|Publication number||US3723327 A|
|Publication date||Mar 27, 1973|
|Filing date||Jun 5, 1972|
|Priority date||Jun 5, 1972|
|Publication number||US 3723327 A, US 3723327A, US-A-3723327, US3723327 A, US3723327A|
|Inventors||Rozzo F Nee, Kampen D Van|
|Original Assignee||Lever Brothers Ltd|
|Export Citation||BiBTeX, EndNote, RefMan|
|Patent Citations (11), Referenced by (39), Classifications (15)|
|External Links: USPTO, USPTO Assignment, Espacenet|
AU 165 x United States Patent 11 1 van Kampen et al.
1 51 Mar. 27, 1973 GRANULAR PROTEOLYTIC ENZYME COMPOSITION Inventors: Daniel Marten van Kampen, Vlaardingen; Foscarina Pasztor nee Rozzo, Abcoude, both of Netherlands Assignee: Lever Brothers Company, New
Filed: June 5, 1972 Appl. No.: 259,638
Related U.S. Application Data Continuation-impart of Ser. No. 20,019, March 16, 1970, abandoned.
US. Cl. ..252/110, 195/63, 195/68, 252/89, 252/91, 252/97, 252/100, 252/132, 252/134, 252/136, 252/142, 252/174,
Int.Cl ..Clld 7/08,Cl1d 7/42,C11d 17/06 Field of Search ....195/63, 68; 252/89, 132,135, 252/D1G. 12
References Cited UNITED STATES PATENTS 12 1971 Davisetal ..252 531 Primary Examiner-Leon D. Rosdol Assistant Examiner-Dennis l... Albrecht Attorney-Louis F. Kline, Jr. et al.
 ABSTRACT The invention is directed to an improvement in the storage stability of granular proteolytic enzyme compositions. The proteolytic enzymes are contained in granules to which an acidic substance has been added. The granules will comprise a neutral or alkaline carrier material, for example an alkali metal phosphate; a gluing agent, for example a nonionic surface active agent; a proteolytic enzyme and an acidic material, for example citric acid.
5 Claims, No Drawings GRANULAR PROTEOLYTIC ENZYME COMPOSITION Cross-Reference to Related Application This application is a continuation-in-part of our earlier filed application Ser. No. 20, 019, filed 16th Man, 1970 now abandoned.
BACKGROUND OF THE INVENTION 1. Field of the Invention The present invention relates to granular proteolytic enzyme compositions, adapted to be formulated with a detergent composition, and to detergent compositions containing these granular proteolytic enzyme compositions.
2. Description of the Prior Art Enzymic cleaning compositions are old. See, for example, German patent specifications 283,923 (Rohm, 1915) and 329,958 (Rohm, 1920). The enzymes aid in cleaning by attacking the soil and stains of the soiled objects to be cleaned. Proteinaceous soil and stains are attacked by proteolytic enzymes. Such proteolytic enzymes, suitable for cleaning purposes, are normally found in the form of fine powders. Such fine powders are difficult to handle and difficult to formulate. When such fine powders are incorporated in detergent compositions, their stability is often greatly impaired by several ingredients of the detergent composition, and by moisture, which may be taken up by the detergent composition during storage. It is believed that this moisture brings the proteolytic enzymes into contact with the other ingredients of the detergent composition, which are harmful to the proteolytic enzymes.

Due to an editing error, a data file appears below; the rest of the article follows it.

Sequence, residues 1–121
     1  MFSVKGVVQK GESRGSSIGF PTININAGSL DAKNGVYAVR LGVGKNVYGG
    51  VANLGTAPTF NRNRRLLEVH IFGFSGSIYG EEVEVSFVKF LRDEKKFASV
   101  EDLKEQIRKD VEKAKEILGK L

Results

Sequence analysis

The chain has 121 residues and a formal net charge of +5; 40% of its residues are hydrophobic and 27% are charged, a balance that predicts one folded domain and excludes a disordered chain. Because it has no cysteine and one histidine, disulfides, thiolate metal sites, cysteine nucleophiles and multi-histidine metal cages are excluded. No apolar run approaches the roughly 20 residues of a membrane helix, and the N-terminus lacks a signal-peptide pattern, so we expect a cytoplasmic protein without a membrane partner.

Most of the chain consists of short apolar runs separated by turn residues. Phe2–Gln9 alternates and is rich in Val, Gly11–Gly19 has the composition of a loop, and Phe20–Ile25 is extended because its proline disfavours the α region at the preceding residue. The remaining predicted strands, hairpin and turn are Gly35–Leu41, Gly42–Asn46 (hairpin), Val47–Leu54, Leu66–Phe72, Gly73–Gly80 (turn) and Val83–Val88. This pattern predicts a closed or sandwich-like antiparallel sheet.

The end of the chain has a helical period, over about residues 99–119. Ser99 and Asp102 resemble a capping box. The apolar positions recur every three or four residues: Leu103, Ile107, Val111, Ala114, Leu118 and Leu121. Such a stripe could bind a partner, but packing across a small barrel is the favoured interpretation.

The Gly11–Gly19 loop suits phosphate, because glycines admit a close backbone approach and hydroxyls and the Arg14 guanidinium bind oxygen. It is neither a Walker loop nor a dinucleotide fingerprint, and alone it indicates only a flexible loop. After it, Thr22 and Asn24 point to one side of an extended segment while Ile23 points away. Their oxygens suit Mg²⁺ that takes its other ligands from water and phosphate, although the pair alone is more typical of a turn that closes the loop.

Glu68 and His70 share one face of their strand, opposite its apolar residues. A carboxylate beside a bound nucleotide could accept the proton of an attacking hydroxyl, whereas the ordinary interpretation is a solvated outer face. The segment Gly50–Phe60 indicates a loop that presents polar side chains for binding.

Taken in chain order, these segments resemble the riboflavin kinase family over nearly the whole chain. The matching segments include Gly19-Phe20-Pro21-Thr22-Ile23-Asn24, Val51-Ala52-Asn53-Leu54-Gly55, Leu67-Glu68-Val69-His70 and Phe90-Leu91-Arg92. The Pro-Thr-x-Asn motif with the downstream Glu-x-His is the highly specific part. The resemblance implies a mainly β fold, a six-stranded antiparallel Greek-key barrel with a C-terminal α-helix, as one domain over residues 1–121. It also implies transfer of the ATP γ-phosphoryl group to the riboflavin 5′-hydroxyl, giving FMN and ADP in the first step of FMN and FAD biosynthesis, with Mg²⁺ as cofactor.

It has already been proposed in US. Pat. No. 3,519,570 to enhance the stability of proteolytic enzymes by bringing them in granular form. This is done by rendering the surfaces of base carried detergent granules glutinous with a low-melting, ordinarily solid, water-soluble nonionic surface-active agent which liquet'ies between lF and 200F, and subsequently conglutinating with said glutinous surfaces the proteolytic enzymes in a powdered form. The granules thus obtained may be additionally coated with the nonionic surface-active agent to encapsulate the proteolytic enzymes and to protect them from moisture and other harmful ingredients.
Although such granular proteolytic enzyme compositions are much more stable than the fine, powdered proteolytic enzymes, their stability in detergent compositions is still often not satisfactory for detergent formulation purposes.
Object of the Invention It is therefore an object of the present invention to further improve the storage stability of granular proteolytic enzyme granules. Further objects will become apparent from the detailed description of the invention given hereafter.
SUMMARY OF THE INVENTION It has been found that incorporating an acidic substance in the nonionic layer of the granular proteolytic enzyme compositions of the type as heretofore described, greatly enhances the storage stability of said granular proteolytic enzyme compositions. The present invention therefore relates to a granular proteolytic enzyme composition, adapted to be formulated with a detergent composition, the granular proteolytic enzyme composition consisting essentially of:
l a core of a non-acidic carrier material 2. a coating layer enrobing said core, the coating layer being a nonionic surface-active agent 3. proteolytic enzymes, attached to said coating layer 4. an acidic substance, dissolved or dispersed in said coating layer.